Working with NERC Future of Our Seas

Incredible Oceans were selected in 2017 by the UK government’s Natural Environment Research Council (NERC) to be part of a successful Engaging Environments project.

Future of Our Seas joined together eight leading marine research, engagement, advocacy and arts organisations formed a consortium in order to engage people in a nationwide conversation on the future of our seas

The Marine Biological Association, King's College London, Joint Nature Conservation Committee, University of Plymouth Marine Institute, University of Edinburgh, Scottish Association for Marine Science, Incredible Oceans and Invisible Dust consolidated learning, expertise and training into a ‘blueprint’ for how to equip early career ocean researchers with the capacity and skills to create innovative activities that are co-produced with cross-sections of local communities.

The process included:

  1. Consortium building – an collaboration of leading experts in marine scientific research, advice, education, advocacy and creative expression.
  2. Developing shared capacity – developing a shared language between consortium members and also with researchers.
  3. Researcher training - using insights from neuroscience and psychology to better understand public opinion formation and polarisation, show-casing examples of best and worst outreach practice, together with 6 weeks of mentoring.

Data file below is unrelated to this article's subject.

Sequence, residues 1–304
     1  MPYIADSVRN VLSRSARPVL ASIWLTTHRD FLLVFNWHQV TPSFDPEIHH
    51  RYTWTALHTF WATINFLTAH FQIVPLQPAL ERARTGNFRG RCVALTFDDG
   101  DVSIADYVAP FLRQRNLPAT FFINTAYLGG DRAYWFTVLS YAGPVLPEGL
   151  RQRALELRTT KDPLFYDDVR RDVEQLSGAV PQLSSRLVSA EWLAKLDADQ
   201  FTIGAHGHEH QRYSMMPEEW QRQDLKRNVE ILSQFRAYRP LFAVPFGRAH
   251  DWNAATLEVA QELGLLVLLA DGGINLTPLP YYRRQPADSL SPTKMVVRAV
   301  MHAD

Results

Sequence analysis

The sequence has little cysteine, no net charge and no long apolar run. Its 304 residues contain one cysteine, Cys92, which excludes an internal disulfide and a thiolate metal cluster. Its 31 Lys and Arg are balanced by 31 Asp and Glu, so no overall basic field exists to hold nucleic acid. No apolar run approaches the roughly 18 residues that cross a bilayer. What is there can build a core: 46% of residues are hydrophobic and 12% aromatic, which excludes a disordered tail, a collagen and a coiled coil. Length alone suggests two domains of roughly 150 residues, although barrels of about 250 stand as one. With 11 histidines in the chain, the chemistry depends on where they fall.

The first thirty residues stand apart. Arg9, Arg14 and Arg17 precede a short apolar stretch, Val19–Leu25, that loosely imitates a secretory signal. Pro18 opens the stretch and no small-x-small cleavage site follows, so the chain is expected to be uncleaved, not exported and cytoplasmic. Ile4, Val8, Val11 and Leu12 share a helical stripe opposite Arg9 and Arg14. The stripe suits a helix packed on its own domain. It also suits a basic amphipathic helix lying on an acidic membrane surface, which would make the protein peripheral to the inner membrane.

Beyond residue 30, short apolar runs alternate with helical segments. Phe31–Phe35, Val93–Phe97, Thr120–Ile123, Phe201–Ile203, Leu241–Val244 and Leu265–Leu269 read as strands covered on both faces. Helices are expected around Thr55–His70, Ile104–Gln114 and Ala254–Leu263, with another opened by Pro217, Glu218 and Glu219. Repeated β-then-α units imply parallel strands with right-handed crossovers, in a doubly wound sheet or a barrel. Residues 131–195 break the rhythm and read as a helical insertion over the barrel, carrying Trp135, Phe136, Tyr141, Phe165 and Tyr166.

4. Matching with community partners - to co-design innovative outreach activities, focussing on challenging areas of science.
  5. Proof of concept – researchers delivering two-way public dialogue activities, co-produced with community groups, at two large-scale public events, Plymouth Pirates Weekend and Oban West Highland Yachting Week.
  6. Create a megaphone effect – by developing existing strong media relations.
  7. Progress check – through development and publication of a Case Account, addressing what went well, what can we improve, how to generate national impact.
  8. The Blueprint – a tried-and-tested toolkit for consortium building and environmental public engagement; setting the foundations for national-level action.
  9. Legacy – by bringing together the newly forged networks, partnerships, and participants; and by creating a ‘multiplier effect’ where participants pass on their learnings at their home institutions.